Ivy Tech Community College ranks as one of the top colleges for part-time student success

INDIANAPOLIS – Ivy Tech Community College ranks as one of the top community colleges in the nation when looking at the success of its part-time students.  Recent national benchmark data shows Ivy Tech part-time students have great success over a six year period.  The overwhelming majority of community college students are part-time.

Ivy Tech is:

  • In the top 17 percent in the nation with the percentage of part-time, first-time students who complete or transfer in six years.
  • In the top 19 percent in the nation with the percentage of part-time students who complete in six years.
  • In the top 21 percent for part-time students who transfer within six years.
  • In the top 23 percent for full-time students who transfer within six years.

Ivy Tech’s fall enrollment is more than 65 percent part time students.   Most of the part-time students are also in career fields working full-time.  In fact, just over five percent of Ivy Tech students take a full course load of 15 credits in a term.

“We have always felt that measuring our students’ completion success after just three-years does not accurately depict the efforts of our students.  While we certainly always want to improve any measurement of success, we are focused on benchmark data to better understand how Ivy Tech compares with other community colleges in the country,” Ivy Tech President Thomas J. Snyder said.  “These numbers are impressive considering the complexity of our student body including 70 percent needing remediation.”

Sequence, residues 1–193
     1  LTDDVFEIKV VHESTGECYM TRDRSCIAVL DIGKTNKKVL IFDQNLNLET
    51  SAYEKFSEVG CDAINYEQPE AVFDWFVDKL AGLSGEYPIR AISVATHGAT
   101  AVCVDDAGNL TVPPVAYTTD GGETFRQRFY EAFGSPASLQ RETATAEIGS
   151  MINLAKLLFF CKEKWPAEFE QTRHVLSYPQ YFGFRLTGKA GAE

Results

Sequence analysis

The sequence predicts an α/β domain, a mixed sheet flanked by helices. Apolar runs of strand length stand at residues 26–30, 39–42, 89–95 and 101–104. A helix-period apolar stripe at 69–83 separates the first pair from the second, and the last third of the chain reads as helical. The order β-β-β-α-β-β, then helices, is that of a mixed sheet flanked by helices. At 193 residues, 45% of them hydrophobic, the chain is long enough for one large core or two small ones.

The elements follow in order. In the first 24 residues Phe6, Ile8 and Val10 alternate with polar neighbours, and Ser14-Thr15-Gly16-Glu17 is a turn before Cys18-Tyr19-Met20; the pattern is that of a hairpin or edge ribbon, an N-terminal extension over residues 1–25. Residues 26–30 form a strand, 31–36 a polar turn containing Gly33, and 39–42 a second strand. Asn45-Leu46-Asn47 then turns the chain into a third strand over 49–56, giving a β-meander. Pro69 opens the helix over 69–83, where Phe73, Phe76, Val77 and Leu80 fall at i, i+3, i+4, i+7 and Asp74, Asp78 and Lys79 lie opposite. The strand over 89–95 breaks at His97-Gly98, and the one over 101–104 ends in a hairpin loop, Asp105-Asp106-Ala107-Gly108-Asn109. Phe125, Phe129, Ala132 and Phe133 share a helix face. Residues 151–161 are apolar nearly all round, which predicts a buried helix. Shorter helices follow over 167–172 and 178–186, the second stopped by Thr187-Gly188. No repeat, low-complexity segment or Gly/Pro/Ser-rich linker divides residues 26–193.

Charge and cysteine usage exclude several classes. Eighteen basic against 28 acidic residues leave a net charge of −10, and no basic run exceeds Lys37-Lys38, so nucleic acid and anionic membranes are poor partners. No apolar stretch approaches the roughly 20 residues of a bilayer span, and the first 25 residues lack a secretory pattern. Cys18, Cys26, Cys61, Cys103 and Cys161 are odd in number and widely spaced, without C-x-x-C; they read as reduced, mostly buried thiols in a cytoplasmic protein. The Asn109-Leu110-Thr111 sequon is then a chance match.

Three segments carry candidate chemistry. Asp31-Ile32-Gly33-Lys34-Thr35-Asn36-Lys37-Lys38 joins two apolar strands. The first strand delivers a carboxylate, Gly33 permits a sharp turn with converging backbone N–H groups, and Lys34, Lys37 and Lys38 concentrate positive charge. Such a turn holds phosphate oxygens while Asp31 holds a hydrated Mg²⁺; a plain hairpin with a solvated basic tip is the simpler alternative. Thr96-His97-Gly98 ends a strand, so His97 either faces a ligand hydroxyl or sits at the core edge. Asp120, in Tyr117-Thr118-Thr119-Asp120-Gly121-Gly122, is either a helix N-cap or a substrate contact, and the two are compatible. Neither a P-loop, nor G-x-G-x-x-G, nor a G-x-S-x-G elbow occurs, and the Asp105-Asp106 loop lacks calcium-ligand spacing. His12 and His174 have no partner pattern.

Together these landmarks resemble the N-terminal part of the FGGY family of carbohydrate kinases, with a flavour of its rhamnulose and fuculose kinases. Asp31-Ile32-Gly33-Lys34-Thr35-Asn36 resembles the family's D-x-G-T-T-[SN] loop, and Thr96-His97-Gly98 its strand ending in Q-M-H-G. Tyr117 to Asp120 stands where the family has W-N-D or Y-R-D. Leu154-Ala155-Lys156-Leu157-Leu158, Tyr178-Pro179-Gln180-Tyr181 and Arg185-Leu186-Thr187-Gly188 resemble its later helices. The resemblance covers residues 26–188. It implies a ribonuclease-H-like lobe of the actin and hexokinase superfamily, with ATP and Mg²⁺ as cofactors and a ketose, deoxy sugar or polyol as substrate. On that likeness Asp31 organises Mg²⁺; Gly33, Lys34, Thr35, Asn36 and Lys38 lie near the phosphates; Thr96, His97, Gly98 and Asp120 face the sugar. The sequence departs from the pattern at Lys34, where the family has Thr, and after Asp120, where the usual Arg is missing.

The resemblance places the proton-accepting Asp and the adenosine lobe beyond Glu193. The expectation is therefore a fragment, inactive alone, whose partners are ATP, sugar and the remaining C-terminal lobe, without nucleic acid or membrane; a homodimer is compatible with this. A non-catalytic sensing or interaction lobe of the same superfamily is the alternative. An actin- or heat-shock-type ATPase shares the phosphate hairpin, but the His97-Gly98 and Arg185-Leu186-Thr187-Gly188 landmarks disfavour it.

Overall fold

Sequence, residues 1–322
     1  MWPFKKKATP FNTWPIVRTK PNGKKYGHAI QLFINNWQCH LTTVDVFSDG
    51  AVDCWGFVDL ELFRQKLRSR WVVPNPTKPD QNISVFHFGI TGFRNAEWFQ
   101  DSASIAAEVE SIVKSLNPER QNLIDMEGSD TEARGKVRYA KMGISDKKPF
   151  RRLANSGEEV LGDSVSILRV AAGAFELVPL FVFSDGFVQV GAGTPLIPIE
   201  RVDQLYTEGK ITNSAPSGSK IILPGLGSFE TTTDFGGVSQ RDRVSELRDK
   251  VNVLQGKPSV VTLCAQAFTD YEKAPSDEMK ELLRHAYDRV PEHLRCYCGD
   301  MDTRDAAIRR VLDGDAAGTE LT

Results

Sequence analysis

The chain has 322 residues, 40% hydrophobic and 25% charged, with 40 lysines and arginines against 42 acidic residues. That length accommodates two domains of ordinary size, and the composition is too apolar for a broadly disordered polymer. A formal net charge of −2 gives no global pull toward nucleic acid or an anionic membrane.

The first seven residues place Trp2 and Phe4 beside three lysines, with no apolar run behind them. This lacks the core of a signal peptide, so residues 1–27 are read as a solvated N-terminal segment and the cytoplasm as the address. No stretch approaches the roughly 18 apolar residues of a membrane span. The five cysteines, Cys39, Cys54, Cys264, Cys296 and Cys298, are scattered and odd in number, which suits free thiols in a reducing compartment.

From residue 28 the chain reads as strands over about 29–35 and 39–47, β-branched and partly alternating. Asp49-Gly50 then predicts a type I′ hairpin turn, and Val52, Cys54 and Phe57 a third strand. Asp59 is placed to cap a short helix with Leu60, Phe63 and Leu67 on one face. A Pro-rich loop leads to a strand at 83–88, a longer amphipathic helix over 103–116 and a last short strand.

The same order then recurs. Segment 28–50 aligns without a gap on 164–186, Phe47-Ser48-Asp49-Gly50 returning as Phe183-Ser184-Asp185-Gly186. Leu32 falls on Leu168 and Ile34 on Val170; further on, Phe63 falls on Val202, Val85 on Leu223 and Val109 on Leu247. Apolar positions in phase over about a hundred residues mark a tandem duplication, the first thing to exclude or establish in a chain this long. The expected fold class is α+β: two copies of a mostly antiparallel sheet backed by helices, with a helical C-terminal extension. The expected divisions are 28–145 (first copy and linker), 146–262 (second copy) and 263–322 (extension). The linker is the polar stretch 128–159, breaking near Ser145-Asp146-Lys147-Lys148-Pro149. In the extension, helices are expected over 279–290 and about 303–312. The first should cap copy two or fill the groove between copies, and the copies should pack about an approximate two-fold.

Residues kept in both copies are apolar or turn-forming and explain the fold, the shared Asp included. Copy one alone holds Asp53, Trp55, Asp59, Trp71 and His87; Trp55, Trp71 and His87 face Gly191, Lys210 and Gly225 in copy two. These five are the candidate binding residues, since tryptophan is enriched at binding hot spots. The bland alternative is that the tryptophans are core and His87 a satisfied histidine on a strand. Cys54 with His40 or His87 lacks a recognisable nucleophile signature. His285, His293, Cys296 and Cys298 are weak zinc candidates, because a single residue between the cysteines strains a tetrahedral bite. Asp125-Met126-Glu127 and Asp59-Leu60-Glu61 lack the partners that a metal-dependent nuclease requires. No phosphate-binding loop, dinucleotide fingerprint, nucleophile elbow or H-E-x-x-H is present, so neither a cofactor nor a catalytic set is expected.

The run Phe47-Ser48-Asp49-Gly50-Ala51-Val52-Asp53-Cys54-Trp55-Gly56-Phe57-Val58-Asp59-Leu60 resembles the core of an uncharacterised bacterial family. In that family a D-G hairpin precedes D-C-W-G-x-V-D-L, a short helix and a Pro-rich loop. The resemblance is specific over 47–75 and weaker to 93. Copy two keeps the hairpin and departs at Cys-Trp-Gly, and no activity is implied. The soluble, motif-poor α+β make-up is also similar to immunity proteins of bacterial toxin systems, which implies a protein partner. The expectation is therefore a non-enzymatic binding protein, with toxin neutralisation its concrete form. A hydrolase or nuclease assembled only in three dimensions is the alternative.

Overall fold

Current reports indicate even more Ivy Tech students are transferring as compared to previous reports.  In fact, Ivy Tech is in the top 50 percent of full-time students who transfer in three years.  Many transfer prior to earning a credential, one of the reasons Ivy Tech is in the lower quartile for degrees earned in three years by this same group of students.

“Our state does not encourage students to complete a degree or certificate at the community college prior to transferring,” Snyder said.  “In fact, in some measures a student who starts at Ivy Tech and leaves prior to completing a degree, but goes on to transfer his/her credits to a four-year institution and earn a bachelor’s degree, counts as a failure against Ivy Tech.  We need a better way to measure transfer and reward the Community College for its role in successful transfer students.”

The state of Indiana’s median household income is in bottom 16 percent in the country, creating challenges for potential higher education students.  And with the most complex student body in the state, Ivy Tech often works through these challenges with students more than any other institution in Indiana.  This includes a population of Pell grant eligible students that is the highest in the Midwest.  And the data shows the community college is doing it with limited full-time faculty.  In fact, 96 percent of other community colleges in the nation have a higher ratio of full-time faculty as compared to part-time faculty.

“Increasing the number of full-time faculty and our advising staff, as well as improving our lab and training space are the three main priorities for Ivy Tech during this budget year,” Snyder said.  “We know that all three play critical roles in the success of our students and the success of our state.”

Ivy Tech Community College is the state’s largest public postsecondary institution and the nation’s largest singly accredited statewide community college system serving nearly 200,000 students annually. Ivy Tech has campuses throughout Indiana. It serves as the state’s engine of workforce development, offering affordable degree programs and training that are aligned with the needs of its community along with courses and programs that transfer to other colleges and universities in Indiana. It is accredited by the Higher Learning Commission and a member of the North Central Association.

 

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